Sermon Archive

Jesus prepares to leave the disciples and gives them one last command- a mission. For that mission to be successful, Jesus can’t remain here in the flesh. He must move on to be with the Father. It’s that ascension that detonates the “bomb” of the gospel. It unleashes the power that God has for and in all believers.

As 2018 begins, we too begin a new series looking at the Book of Acts. As we kick this book off, we consider what drove the early church and take a look at where we (Providence) are as a church- and where we want to go.

As we wrap up 2017, it can be easy to look back over the year and think about how bad things got in the past year. Truth be told, we could do that every year. In a world full of sin and brokenness, there is no shortage of reasons to lament and fear. Yet God comes to us and tell us that we have nothing to fear. Why? It’s not because we can handle it, but because he can.

Fear not. 2 words with simple instructions. Yet following those instructions may take an entire lifetime. Joseph and the shepherds were given this simple command and their response was one of obedience. What is our response when we are told, “Fear not!”?

We’ve been told that the “center of God’s will” is the safest place to be, but is that really true? What if the “center of God’s will” is really a dangerous and difficult place? What do you do then? Well, if you’re Mary, you trust God’s plan, put your focus on him, and sing a song of praise.

Fear is something we all feel, but at times it can overwhelm and overtake us. It can war against our hearts and rob us of blessings that God intends for us to enjoy. The battle of fear vs. faith isn’t a new one and the Christmas story is full of these moments. Will our fears lead us or will our faith?

The Protestant Reformation may seem like it happened a long time ago – 500 years in fact.  But it’s still happening today, anytime we stand for the truth of the gospel.  Throughout scripture and with the lessons of history, God tells us to remember.  We risk losing the greatest gift of all – the good news that Christ came to save sinners – if we forget again.

The overarching theme of the Reformation, the end goal of the other solas, and the end goal of our lives: The glory of God. God’s glory is all over the pages of scripture, but too often we can misunderstand how God’s glory works. The way humans are glorified is different than the way God is glorified. He doesn’t need us to “give” him glory, simply for us to recognize his glory. Our task is not to elevate God to a new level, only to recognize, reflect, and find satisfaction in who he has revealed himself to be.

Sola Fide is one of the key pillars to what we believe; that God saves on the basis of faith alone. It is the object of that faith that saves us, not the faith itself. Cam Smith leads us well as we look at this key doctrine.

Most would agree that Jesus is a pretty important person, but just how important? The conviction of the reformers was that Christ wasn’t just a big piece of our theology- he was the hub, the goal, and the essence of our faith. Is this how we approach our faith today? Is Jesus enough? Or do we feel the need to add just a little bit more to Jesus- you know, just to be safe? The teachings of scripture and of the reformers was that adding to Jesus didn’t give us more. Instead, it took away, watered down our faith, and robbed Jesus of the glory.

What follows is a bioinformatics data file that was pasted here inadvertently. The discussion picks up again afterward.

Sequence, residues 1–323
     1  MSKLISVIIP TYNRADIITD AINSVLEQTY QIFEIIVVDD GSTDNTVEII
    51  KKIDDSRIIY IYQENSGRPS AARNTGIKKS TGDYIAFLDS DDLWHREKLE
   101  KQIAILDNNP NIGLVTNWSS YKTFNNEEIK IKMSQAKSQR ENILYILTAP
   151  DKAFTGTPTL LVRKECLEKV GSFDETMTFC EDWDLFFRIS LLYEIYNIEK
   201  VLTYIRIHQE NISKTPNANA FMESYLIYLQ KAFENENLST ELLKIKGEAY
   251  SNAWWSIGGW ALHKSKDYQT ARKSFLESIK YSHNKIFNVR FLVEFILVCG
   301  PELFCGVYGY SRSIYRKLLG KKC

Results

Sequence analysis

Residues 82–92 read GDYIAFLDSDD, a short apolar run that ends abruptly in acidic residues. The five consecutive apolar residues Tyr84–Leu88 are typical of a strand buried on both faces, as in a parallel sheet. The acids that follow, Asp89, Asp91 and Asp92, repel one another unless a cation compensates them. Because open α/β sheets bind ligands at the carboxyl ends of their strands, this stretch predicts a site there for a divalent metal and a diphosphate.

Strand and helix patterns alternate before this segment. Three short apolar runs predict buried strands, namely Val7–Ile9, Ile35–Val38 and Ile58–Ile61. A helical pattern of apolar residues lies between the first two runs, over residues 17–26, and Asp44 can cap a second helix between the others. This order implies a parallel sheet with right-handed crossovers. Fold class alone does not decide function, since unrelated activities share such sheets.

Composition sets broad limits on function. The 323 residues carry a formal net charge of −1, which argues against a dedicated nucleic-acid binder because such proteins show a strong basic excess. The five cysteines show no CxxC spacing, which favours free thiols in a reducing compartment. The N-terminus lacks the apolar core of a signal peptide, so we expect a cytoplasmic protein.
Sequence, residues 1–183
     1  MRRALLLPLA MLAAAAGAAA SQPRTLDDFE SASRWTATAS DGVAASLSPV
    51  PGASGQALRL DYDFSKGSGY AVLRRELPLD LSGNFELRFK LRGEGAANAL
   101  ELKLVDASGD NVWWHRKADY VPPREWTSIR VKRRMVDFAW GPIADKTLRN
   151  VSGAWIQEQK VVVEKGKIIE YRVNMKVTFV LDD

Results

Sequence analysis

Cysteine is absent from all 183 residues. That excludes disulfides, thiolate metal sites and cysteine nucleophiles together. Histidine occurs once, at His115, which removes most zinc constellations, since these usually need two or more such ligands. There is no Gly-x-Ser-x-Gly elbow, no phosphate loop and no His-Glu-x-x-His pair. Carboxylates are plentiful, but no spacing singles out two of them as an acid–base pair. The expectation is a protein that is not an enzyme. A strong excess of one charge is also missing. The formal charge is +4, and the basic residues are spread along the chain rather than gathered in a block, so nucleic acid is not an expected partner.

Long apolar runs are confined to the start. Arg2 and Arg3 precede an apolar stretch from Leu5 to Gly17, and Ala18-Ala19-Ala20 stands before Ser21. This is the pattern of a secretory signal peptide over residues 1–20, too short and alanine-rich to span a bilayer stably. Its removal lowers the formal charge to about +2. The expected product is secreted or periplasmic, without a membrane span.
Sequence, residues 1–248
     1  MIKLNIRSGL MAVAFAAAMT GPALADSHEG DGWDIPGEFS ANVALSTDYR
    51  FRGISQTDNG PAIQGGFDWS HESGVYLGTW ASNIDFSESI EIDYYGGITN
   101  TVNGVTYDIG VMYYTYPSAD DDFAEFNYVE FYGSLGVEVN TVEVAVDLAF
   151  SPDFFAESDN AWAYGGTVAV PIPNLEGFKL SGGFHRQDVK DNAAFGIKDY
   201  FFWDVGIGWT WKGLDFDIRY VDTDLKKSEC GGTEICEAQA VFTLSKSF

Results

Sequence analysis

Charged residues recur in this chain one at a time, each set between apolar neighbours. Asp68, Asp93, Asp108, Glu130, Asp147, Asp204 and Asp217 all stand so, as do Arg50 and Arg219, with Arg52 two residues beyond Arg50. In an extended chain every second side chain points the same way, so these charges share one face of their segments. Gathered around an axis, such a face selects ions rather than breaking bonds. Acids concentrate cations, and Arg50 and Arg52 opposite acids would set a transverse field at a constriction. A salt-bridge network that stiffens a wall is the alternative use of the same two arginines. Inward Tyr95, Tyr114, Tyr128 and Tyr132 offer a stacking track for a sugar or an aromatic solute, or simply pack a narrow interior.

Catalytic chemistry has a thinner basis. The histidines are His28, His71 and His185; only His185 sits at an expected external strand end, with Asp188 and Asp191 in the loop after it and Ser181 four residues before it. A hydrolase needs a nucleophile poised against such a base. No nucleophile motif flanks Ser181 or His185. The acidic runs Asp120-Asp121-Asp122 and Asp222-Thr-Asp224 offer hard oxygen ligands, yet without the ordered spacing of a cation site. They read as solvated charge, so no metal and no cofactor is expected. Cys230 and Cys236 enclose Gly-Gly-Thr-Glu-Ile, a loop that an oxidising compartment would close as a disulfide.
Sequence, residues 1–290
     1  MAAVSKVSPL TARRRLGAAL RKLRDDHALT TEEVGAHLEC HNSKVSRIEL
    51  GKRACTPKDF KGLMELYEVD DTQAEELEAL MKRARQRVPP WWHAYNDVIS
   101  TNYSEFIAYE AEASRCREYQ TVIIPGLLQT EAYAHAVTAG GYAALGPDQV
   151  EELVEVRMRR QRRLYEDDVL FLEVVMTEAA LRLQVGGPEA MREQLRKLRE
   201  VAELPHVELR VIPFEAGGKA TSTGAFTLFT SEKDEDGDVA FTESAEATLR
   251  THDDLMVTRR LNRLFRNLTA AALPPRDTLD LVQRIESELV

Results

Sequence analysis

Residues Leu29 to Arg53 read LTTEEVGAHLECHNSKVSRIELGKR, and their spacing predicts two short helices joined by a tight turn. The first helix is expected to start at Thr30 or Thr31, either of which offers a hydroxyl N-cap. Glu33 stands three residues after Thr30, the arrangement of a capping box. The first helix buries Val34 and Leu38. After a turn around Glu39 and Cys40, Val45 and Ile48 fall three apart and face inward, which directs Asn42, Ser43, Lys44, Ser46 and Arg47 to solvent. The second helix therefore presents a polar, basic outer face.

Amazing Grace is one of the most beloved and well-known songs in the English language. What is it that we mean when we sing about “amazing grace”? What is grace anyway? What makes it amazing? Far too often grace isn’t that amazing to us; in fact, it’s often pretty normal, expected even, as though we deserve it. The storyline of scripture is one of continual grace given to sinful man- over and over and over.

“Jesus loves me, this I know, for the bible tells me so.” A song for children that would’ve been an almost unthinkable idea prior the start of the Reformation. The shaping principle of the theology of the Reformation was that the Bible was the supreme authority and no one should sit above it. And what drove the spread of that theology was the daring idea that everyone should be able to read the Bible for themselves in their own language.

500 years ago the world was turned upside down. This event, the Reformation, was one with widespread implications, but what does something that happened in 1517 have to do with 2017? More than you might think. This is the first in a 7-week series looking at the people, the theology, and the lasting impact of the Protestant Reformation.

Perspective is a powerful tool. It can take all the things in our lives and help us sort through the things that mattered and the things that we only thought mattered. Solomon gives us a gift in the closing passages of Ecclesiastes. He helps us sort through the tensions and frustrations in our lives. He helps us appreciate the time we’ve been given. And he helps us prepare ourselves for the only thing that really matters.

Injustice has always been a problem and always will be. Solomon knew that, and it made him full of sorrow and heartbreak. We would do well to follow Solomon’s acknowledgment of injustice, and let it produce the same kind of sorrow–and then work to correct. Just because injustice has always been a problem, doesn’t mean we shouldn’t work to address it. In fact, Christians must work to address it because injustice isn’t primarily a political problem; it’s a sin problem. The remedy for sin has never been politics; it’s always been the Gospel.